In Alma 9, we encounter a totally different mood. Alma boldly delivers a pure prophetic judgment speech to the wicked people of Nehor in the land of Ammonihah. Here Alma focuses on repentance and how God will deliver people only if they properly repent; otherwise they are ripe for destruction. His style is blunt and consequential.
Alma chapters 12 and 13 comprise two of the most powerful chapters in all of the Book of Mormon, dealing with the plan of salvation and the holy order of the Melchizedek Priesthood prepared from before the foundation of the world. After being in prison for about three months, Alma took this one last opportunity to testify of his authority as the ruling high priest and to give his accusers a final opportunity to understand the true plan of redemption and the eternal powers of the ordinances of the priesthood. Nehorism specifically rejected the Nephite doctrines on sin and priesthood, so Alma addresses precisely those two topics, meeting his Nehorite challengers squarely on the issues most vital to them, as well as to us. His words here are deliberative, freighted with ritual allusions and cosmic symbolism.
In Alma 29, Alma’s primary audience is himself. Who can fail to sense his sincerity as he ponders the wish and prayer of his heart: “O that I were an angel” (v. 1). We will come back to this interior text.
Alma 32–33, on planting the seed of faith and nourishing its growth, are words tailored exactly to the needs of the poor outcasts in Antionum who had built the synagogue, in which the Zoramite leaders would not let them worship. Here Alma uses the imagery of planting and nourishing a seed to reap a glorious harvest, something that even the poorest peasant farmer among them would readily understand. His themes are humility, faith, prayer, and coming unto Christ. His style is empathic and invitational.
Alma chapters 36–42 preserve Alma’s words to his three sons, Helaman, Shiblon, and Corianton. How different the blessings and instructions are to each! There is nothing trite or rubber-stamped here. Alma was a good father; he knew each of his sons personally. He had taught and worked with them. Helaman, the responsible oldest son, suitably received the firstborn’s doubled blessing (twice the length of Shiblon’s) and is charged with the duty of keeping the records. Shiblon, a middle son, receives wise social counsel: “use boldness, but not overbearance” (38:12), “see that ye bridle all your passions, that ye may be filled with love; see that ye refrain from idleness” (38:12–13). Corianton, the wayward son, is told of sin, abomination, crime, resurrection, restoration, and judgment in words that would set his teeth on edge as the Hebrew father was told that he should speak at Passover to a son in need of censure and repentance.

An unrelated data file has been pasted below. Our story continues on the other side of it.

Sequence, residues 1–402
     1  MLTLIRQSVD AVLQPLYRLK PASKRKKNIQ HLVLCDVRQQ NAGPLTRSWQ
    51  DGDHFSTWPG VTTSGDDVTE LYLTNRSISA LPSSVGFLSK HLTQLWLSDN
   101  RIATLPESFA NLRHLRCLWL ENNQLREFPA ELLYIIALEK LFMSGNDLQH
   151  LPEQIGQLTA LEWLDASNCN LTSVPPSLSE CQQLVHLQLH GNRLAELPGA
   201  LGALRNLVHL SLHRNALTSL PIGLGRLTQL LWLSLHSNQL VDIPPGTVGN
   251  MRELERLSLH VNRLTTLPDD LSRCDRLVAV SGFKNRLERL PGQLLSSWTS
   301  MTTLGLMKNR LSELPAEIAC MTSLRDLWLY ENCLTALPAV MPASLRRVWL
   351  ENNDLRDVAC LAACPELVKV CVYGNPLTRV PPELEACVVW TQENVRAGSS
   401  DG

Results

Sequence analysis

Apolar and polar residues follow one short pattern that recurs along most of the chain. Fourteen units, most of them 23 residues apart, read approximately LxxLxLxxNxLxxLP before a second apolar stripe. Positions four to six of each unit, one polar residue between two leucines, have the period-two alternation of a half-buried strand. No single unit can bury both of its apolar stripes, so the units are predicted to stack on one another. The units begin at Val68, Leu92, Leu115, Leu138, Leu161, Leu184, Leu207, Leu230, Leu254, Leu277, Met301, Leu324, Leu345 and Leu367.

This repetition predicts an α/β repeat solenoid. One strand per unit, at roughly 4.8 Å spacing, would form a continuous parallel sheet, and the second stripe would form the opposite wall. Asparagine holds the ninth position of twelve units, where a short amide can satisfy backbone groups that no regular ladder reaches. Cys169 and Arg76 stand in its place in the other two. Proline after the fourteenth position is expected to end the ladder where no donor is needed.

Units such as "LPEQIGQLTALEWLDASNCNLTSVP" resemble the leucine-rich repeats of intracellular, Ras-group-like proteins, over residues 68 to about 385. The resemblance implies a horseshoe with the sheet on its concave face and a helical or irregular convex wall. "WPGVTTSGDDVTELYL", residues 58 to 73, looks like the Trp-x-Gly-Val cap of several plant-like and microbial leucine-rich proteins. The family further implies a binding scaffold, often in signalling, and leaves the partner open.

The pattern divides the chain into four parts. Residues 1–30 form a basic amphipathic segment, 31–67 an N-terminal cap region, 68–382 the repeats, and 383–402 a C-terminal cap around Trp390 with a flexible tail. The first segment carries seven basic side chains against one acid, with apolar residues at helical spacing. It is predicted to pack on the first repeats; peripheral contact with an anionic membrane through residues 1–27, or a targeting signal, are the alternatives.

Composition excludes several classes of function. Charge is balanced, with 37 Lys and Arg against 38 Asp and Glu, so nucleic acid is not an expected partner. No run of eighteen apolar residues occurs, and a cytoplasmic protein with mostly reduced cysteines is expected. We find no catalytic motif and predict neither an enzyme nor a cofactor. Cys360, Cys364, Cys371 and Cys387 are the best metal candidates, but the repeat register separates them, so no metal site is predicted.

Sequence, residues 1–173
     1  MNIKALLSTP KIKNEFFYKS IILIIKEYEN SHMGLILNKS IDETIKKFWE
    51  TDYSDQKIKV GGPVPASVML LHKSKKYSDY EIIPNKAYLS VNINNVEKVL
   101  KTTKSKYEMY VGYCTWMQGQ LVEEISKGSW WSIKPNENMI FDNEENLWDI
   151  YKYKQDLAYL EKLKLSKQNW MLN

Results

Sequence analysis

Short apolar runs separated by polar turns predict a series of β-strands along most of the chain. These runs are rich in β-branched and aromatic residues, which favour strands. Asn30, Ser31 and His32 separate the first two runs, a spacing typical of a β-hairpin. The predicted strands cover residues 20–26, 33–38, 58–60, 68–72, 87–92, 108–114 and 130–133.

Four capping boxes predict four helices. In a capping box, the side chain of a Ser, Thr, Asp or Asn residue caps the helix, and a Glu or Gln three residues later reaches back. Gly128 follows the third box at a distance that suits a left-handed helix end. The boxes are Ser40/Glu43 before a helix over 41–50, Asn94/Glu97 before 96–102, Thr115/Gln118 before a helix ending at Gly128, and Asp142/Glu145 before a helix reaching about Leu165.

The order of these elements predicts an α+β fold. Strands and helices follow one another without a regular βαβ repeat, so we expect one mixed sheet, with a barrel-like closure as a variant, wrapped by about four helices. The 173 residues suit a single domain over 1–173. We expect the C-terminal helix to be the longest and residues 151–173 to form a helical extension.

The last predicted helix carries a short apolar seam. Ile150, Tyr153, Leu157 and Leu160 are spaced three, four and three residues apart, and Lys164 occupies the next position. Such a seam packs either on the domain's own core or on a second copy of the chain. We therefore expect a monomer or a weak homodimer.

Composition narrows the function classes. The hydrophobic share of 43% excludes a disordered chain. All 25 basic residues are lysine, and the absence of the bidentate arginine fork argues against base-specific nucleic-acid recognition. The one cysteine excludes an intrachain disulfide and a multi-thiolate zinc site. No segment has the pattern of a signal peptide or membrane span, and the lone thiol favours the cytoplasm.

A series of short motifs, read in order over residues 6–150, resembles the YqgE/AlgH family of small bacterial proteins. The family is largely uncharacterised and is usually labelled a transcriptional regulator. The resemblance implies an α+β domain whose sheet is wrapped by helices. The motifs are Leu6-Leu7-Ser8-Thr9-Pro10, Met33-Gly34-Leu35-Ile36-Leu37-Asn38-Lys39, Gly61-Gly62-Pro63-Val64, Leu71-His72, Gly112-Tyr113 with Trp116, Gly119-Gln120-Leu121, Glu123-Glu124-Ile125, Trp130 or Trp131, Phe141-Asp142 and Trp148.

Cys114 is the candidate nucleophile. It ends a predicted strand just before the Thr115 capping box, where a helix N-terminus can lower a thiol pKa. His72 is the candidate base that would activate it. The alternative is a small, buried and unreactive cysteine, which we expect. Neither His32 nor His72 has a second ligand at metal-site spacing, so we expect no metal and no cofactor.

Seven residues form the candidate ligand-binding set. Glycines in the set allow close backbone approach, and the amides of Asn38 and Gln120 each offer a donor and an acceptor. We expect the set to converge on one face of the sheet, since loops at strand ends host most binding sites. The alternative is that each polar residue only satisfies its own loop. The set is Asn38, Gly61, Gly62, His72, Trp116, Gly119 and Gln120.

From this brief survey, I hope you will agree that we have our work cut out for us as we strive to hear the rich and manifold tonalities in each of Alma’s speeches. We give sharper ear to his carefully tailored words when we hear them through the ears of his audiences. And speaking of Alma’s carefully crafted words, let us turn to my third point.
3. Alma makes very skillful and creative use of language and literary forms. Alma is obviously a very skillful writer. He was gifted with words from the time of his youth. When Mosiah 27 describes Alma and the four sons of Mosiah who caused so many difficulties for Alma’s own father and the Church, it notes that Alma was adept at flattering the people with his words. He was a skillful orator. He knew how to use words. That was how he was able to cause so many problems. After his conversion, he employed that impressive talent in the work of the Lord. Let’s look more closely to better appreciate a few of the amazing compositional qualities of Alma’s words.
Alma was precise with individual words. For example, in Alma 36, as Alma strives to communicate the ecstasy he felt at the joy of his conversion, he quotes Lehi when he says, “Yea, methought I saw, even as our father Lehi saw, God sitting upon his throne, surrounded with numberless concourses of angels, in the attitude of singing and praising their God; yea, and my soul did long to be there” (36:22). Twenty-one words are quoted precisely, absolutely perfectly, from the words of Lehi in 1 Nephi 1:8. This tells us that Alma knew his scriptures by heart. He could quote them vertabim (as he also quoted the words of Zenos spontaneously in Alma 33:4–11). By the way, if you think about it, this precision also bears strong evidence of the miraculous nature of Joseph Smith’s translation. I doubt that, in translating Alma 36, Joseph said to Oliver, “Please read back to me what we had Lehi say in 1 Nephi chapter 1. I want to get the quote exactly right.” I think that if he had said this, Oliver would have walked off the job.